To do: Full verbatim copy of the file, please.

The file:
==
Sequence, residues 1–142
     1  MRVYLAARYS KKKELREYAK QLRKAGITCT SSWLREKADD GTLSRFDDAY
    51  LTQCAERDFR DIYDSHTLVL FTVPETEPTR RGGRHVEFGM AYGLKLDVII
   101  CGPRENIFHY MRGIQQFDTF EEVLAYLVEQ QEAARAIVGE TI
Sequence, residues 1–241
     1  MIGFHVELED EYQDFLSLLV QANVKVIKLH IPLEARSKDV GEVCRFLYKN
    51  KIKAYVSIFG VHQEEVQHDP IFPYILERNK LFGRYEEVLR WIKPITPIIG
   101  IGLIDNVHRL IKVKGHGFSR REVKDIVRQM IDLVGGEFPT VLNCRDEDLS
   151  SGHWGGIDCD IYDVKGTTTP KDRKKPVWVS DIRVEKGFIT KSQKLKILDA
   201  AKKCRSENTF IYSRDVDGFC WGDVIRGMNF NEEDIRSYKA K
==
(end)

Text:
Sequence, residues 1–142
     1  MRVYLAARYS KKKELREYAK QLRKAGITCT SSWLREKADD GTLSRFDDAY
    51  LTQCAERDFR DIYDSHTLVL FTVPETEPTR RGGRHVEFGM AYGLKLDVII
   101  CGPRENIFHY MRGIQQFDTF EEVLAYLVEQ QEAARAIVGE TI
Sequence, residues 1–241
     1  MIGFHVELED EYQDFLSLLV QANVKVIKLH IPLEARSKDV GEVCRFLYKN
    51  KIKAYVSIFG VHQEEVQHDP IFPYILERNK LFGRYEEVLR WIKPITPIIG
   101  IGLIDNVHRL IKVKGHGFSR REVKDIVRQM IDLVGGEFPT VLNCRDEDLS
   151  SGHWGGIDCD IYDVKGTTTP KDRKKPVWVS DIRVEKGFIT KSQKLKILDA
   201  AKKCRSENTF IYSRDVDGFC WGDVIRGMNF NEEDIRSYKA K